Natural changes in the earth's temperature means the world is more likely to see extreme temperatures until 2022.
That's according to a new climate modelling study from UK and Dutch researchers published in Nature Communications. They found a natural variation in the world's climate, intensified by the man-made warming of the planet, will bring up global temperatures.
These natural changes took place as part of the cooling and heating of the planet's oceans, NIWA's chief scientist of Climate, Atmosphere and Hazards Sam Dean said.
"We've had quite a long period of what we called a hiatus where temperatures were a little bit cooler than you'd be expecting from the underlying climate change trend.
"The last few years, we've had some really hot years, which were above that trend and this model is predicting that's likely to carry on for a few more years," he said.
This year the heatwave in Europe saw wildfires increase by as much as a 25 percent.
But, Dr Dean said the impact on New Zealand would depend on a range of factors.
"Our temperatures are quite dependent on whether we get a lot of northerlies or southerlies, but if the globe is likely to have warmer than average temperatures for the next few years, then it's likely New Zealand will have warmer than average temperatures," he said.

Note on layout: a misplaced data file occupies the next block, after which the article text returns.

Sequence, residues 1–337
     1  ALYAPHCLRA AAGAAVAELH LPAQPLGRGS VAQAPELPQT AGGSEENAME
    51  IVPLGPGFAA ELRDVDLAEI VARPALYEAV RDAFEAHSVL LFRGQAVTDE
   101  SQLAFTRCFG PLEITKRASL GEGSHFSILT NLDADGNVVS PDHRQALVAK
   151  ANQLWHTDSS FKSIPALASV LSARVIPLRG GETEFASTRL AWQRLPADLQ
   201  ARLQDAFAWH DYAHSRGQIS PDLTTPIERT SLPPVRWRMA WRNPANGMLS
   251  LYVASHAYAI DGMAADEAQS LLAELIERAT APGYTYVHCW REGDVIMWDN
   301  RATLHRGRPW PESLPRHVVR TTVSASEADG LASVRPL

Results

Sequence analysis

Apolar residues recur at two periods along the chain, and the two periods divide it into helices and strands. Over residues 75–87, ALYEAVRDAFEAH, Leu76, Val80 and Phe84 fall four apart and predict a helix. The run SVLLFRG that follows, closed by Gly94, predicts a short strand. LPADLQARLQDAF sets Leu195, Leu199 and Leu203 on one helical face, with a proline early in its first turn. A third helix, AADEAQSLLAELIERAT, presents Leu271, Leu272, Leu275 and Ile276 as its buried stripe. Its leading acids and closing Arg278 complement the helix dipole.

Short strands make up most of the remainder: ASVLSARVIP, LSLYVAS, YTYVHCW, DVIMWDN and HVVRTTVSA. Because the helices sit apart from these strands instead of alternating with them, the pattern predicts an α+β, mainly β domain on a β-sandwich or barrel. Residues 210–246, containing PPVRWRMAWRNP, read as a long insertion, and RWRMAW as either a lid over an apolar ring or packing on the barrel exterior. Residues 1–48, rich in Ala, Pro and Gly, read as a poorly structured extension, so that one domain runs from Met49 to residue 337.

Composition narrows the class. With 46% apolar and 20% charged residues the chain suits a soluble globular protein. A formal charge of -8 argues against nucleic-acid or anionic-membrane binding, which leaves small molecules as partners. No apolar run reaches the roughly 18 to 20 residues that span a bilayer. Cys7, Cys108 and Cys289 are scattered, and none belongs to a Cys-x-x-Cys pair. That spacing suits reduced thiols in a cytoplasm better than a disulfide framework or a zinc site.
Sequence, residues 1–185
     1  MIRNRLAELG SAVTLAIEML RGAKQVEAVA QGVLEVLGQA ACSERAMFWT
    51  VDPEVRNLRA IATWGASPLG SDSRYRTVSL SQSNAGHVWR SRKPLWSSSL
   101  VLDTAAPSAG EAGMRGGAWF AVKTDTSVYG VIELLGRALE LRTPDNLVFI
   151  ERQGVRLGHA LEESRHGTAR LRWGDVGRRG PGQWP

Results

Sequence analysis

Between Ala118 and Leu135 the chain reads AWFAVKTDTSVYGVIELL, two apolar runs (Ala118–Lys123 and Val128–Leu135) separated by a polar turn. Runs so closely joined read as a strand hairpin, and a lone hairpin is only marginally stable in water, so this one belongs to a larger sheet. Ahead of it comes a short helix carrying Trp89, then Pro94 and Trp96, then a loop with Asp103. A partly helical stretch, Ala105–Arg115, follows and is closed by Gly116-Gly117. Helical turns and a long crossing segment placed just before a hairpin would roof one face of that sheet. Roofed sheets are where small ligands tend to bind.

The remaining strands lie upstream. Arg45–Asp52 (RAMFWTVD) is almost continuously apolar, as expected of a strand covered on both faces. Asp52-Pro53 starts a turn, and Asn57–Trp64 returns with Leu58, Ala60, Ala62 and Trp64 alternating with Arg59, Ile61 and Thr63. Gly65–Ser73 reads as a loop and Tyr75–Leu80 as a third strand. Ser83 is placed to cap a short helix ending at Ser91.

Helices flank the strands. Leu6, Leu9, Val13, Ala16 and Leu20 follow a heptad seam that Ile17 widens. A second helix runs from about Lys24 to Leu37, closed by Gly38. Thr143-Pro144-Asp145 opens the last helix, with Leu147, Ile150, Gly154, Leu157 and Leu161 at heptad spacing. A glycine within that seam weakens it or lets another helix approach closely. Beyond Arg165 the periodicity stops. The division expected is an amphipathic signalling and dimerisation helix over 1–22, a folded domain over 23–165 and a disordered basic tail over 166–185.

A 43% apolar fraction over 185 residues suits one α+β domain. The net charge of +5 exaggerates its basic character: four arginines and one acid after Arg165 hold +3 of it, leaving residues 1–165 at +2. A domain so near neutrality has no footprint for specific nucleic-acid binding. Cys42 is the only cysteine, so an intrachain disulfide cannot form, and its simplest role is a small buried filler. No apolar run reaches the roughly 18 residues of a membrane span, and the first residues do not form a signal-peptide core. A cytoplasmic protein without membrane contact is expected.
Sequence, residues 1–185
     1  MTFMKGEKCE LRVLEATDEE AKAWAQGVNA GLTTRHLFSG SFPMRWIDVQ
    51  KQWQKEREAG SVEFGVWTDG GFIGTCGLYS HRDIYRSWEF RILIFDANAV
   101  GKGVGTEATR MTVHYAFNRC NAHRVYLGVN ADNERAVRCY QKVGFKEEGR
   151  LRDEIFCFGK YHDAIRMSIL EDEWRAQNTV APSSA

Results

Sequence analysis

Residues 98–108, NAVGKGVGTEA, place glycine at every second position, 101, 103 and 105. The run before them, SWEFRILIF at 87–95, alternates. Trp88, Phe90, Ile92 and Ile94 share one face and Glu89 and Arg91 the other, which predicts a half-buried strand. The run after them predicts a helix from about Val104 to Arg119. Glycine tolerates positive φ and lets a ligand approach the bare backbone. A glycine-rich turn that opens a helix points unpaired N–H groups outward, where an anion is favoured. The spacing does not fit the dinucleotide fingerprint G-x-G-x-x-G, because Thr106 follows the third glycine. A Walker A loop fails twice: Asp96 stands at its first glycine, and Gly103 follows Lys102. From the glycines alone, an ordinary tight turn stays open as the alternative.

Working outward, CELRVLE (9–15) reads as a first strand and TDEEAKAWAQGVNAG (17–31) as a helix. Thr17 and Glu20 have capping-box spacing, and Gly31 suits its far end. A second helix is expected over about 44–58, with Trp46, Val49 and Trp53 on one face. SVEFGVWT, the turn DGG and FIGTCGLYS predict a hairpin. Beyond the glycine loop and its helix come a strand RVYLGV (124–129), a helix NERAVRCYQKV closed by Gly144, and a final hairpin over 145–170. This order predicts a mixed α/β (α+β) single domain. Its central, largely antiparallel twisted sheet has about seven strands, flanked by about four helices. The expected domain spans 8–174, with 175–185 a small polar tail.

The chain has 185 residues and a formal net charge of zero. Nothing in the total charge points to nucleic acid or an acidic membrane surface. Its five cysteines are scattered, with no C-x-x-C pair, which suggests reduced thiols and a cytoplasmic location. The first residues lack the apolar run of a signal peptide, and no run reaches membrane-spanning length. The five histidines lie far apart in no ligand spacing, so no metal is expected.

He added the latest findings were supported by other studies, that have come to a similar conclusion.
Victoria University Professor James Renwick said warmer temperatures affected the intensity of tropical cyclones.
"For New Zealand when they drift out of the tropics, it is a bit of a lottery as to whether they'll head towards us, but if they do the chances are they'll be more intense and do more damage when they pass over," he said.
Professor Renwick, from Victoria's school of geography, environment and earth sciences, warned the consequences of a warmer climate were an indication of what was to come.
"The expectation for New Zealand for the rest of the century, is we will see quite an increase in forest fires and high temperature extremes and droughts, as well as floods," he said.
He said the hottest year on record in 2016, would only become the norm by 2040, if action was not taken to reduce greenhouse emissions.